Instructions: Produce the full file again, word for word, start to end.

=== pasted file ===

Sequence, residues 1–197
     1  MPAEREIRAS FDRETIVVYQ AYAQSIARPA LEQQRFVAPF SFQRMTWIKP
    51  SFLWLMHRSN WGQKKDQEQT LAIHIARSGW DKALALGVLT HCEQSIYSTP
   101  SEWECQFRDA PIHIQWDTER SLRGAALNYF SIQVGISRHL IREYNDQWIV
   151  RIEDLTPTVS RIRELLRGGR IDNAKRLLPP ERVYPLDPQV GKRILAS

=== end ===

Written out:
Sequence, residues 1–197
     1  MPAEREIRAS FDRETIVVYQ AYAQSIARPA LEQQRFVAPF SFQRMTWIKP
    51  SFLWLMHRSN WGQKKDQEQT LAIHIARSGW DKALALGVLT HCEQSIYSTP
   101  SEWECQFRDA PIHIQWDTER SLRGAALNYF SIQVGISRHL IREYNDQWIV
   151  RIEDLTPTVS RIRELLRGGR IDNAKRLLPP ERVYPLDPQV GKRILAS